A hotly anticipated decision on fracking won't come before New York Gov. Andrew Cuomo stands for re-election. Same for an announcement of higher tolls on the new Tappan Zee Bridge.
Thanks to either serendipity or Cuomo's dexterity, each decision is off the table, pushed back until after the election.
Now it appears likely that another politically charged decision — the selection of sites for four upstate casinos — will also come after voters go to the polls on Nov. 4.
Cuomo argues that he isn't delaying the decisions for political reasons. The study on the health effects of hydraulic fracturing for natural gas, begun in 2012, needs more work. Tolls on the new $3.9 billion Tappan Zee Bridge won't be known until the financing is complete. As for casinos, that's the decision of a state commission.
"They are handling that," Cuomo said Wednesday, in response to questions from reporters about the casino decision. "I'm not playing a role in it."
For observers of the famously controlling governor, however, the delays appear designed to avoid three decisions that are bound to upset voters around the state even as Cuomo seeks a second term.
"I'm shocked, shocked that a politician would allow politics to enter into things during an election year," quipped Robert Spitzer, a political science professor at SUNY Cortland. "Fracking is a good example. He's been under a lot of criticism for delaying, but the political cost of kicking the can down the road is understandable. The cost of making a decision is harder to see right now."
To frack or...
The fracking study was started two years ago, and early estimates suggested a recommendation to Cuomo on whether or not to allow hydraulic fracturing would be made in early 2013. In May of 2013 Cuomo himself said he would make a decision before the 2014 election. Now, a decision on whether to lift the state's 2008 fracking moratorium is expected sometime in 2015.
A decision to allow fracking would delight many in the state's economically distressed Southern Tier, but would upset environmentalists and others opposed to the drilling. Polls show New Yorkers are evenly split on the issue — meaning about half of the state will oppose whatever Cuomo does.
"I'm awaiting the report," Cuomo said this past week. "It's a highly politicized, highly emotional, highly opinionated topic. I am relying on substantive experts in my administration who don't bring any bias."
A political toll
Cuomo's administration has refused to provide estimates for tolls on the new Tappan Zee even though construction has been underway for a year. Figures of $9 and as high as $14 have been mentioned. The toll on the existing bridge is $5. Cuomo promised to create a task force to study the toll issue in 2012. Last week he said the task force would be appointed next year.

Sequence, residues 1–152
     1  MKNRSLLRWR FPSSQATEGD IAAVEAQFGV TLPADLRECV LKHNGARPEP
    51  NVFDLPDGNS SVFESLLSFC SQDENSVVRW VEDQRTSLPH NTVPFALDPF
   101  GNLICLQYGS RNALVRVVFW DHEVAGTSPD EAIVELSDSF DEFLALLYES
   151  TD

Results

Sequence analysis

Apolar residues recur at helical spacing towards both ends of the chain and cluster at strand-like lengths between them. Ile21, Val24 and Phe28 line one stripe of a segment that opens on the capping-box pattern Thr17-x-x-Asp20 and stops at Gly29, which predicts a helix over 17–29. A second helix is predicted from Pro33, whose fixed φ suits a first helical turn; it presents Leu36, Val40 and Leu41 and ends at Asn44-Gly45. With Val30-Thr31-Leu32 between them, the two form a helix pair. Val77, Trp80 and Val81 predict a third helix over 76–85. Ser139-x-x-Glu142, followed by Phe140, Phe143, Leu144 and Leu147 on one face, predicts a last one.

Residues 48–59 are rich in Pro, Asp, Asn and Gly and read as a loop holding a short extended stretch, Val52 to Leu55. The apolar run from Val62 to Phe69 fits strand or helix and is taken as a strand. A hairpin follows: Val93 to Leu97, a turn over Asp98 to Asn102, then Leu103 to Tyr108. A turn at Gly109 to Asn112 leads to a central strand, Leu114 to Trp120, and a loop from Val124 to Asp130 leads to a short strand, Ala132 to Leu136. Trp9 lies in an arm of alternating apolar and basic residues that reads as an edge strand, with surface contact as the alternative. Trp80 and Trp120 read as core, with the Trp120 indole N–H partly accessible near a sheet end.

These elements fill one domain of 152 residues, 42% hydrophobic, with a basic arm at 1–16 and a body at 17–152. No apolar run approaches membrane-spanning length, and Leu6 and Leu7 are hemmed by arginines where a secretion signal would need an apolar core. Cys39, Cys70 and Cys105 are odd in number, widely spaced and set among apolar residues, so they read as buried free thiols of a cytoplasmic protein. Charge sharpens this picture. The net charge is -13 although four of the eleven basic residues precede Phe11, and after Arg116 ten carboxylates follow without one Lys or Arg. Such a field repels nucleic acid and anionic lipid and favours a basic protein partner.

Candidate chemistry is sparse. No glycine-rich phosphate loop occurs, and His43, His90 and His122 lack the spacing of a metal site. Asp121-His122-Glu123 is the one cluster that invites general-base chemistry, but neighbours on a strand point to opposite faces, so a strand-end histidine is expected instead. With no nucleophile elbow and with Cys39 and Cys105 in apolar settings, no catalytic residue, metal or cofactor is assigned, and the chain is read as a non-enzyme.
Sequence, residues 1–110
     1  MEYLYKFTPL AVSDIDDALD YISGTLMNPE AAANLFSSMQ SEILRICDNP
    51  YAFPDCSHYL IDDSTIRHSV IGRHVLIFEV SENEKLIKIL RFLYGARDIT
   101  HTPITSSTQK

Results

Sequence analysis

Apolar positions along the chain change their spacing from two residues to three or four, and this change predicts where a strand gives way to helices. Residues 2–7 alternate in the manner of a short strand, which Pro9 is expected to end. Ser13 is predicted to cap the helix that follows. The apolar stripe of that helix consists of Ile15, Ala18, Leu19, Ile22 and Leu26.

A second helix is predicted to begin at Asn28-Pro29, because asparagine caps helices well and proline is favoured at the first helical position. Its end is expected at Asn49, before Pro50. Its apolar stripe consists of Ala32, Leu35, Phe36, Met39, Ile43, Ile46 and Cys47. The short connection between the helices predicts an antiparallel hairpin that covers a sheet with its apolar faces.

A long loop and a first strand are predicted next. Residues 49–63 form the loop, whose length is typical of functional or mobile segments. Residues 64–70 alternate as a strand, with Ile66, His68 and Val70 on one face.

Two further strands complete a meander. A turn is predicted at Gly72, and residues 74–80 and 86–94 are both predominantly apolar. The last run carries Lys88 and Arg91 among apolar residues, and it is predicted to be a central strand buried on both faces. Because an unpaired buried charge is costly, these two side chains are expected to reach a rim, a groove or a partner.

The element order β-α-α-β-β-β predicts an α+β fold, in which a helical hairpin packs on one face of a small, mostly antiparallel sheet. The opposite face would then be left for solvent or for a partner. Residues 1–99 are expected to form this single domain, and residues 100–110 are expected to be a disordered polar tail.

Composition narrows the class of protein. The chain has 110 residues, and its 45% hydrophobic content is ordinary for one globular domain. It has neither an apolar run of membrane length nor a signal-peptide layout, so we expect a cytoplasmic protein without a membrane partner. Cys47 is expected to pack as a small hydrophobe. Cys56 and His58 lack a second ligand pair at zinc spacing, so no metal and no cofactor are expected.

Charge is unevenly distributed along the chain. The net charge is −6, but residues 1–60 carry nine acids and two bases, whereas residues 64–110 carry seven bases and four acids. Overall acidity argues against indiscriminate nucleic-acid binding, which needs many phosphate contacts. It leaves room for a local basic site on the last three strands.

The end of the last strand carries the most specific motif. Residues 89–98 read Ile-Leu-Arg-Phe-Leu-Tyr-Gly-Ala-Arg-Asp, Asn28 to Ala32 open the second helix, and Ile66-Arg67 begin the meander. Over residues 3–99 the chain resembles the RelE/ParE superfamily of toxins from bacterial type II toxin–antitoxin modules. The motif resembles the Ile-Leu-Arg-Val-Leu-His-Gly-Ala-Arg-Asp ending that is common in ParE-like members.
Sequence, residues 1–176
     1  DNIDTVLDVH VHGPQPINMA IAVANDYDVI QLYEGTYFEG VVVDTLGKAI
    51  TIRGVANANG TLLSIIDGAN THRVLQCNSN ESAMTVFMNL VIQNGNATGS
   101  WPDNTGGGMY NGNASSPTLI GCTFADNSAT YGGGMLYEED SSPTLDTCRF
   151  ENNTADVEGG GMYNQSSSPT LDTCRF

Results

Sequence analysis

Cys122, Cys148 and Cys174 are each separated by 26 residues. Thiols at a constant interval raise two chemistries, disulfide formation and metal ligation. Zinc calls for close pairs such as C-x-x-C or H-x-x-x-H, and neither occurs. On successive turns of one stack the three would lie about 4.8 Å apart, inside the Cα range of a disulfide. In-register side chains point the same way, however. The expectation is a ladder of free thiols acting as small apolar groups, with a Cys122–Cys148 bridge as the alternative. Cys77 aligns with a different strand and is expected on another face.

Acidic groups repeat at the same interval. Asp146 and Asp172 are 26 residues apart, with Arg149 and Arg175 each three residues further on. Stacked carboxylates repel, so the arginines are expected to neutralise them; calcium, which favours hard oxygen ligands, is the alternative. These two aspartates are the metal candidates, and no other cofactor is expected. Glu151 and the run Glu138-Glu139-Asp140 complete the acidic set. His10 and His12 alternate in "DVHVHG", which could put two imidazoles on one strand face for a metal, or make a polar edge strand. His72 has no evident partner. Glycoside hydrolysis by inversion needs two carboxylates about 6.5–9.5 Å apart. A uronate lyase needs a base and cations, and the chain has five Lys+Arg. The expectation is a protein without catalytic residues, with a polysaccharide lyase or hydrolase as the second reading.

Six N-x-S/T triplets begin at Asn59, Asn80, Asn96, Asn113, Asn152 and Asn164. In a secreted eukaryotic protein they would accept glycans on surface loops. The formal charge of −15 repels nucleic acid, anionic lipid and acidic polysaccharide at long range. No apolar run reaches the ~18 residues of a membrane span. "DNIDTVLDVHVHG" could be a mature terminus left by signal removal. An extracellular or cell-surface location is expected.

Rockland County Executive Ed Day wrote to Cuomo in February expressing his concerns about the delay in announcing the tolls. He said he got no response.
"We have to have clarity on this," Day said. "I find it hard to believe that an organization like the state of New York would embark upon a project of this magnitude and not have a sense of how it's going to be paid for."
Tails you win, tails you lose
As for casinos, a panel whose members have close ties to Cuomo is now reviewing 16 proposals from developers. Up to four will be selected. While supporters of the winning projects will be elated, opponents and backers of the 12 rejected casino proposals may blame Cuomo, who controls the state's Gaming Commission.
Cuomo said in January he wanted a decision on the casinos by "early fall." Now, the panel says it hopes to make its recommendations in late October but that more time may be needed. A final decision by the Gaming Commission is likely to take even longer.
The political equation
Cuomo's Republican opponent this fall, Westchester County executive Rob Astorino, has criticized Cuomo for the delays on fracking and tolls, saying he's placing his own self-interest over important public policy decisions.
"This administration stalls and stalls and stalls," Astorino told the New York State Business Council last month. "Enough of re-election comes first, good governance second."
Polls show Astorino trailing Cuomo by double digits, and Cuomo has a commanding fundraising lead as well. Columbia University political science professor Robert Shapiro said Cuomo may want to wait until after a big re-election victory to use up political capital on controversial decisions.
Until then, tough calls on fracking, casinos and tolls don't help.
"It makes a big difference if he starts his next term having won by big margins," Shapiro said. "He's not worried about losing. He's worried about not winning big."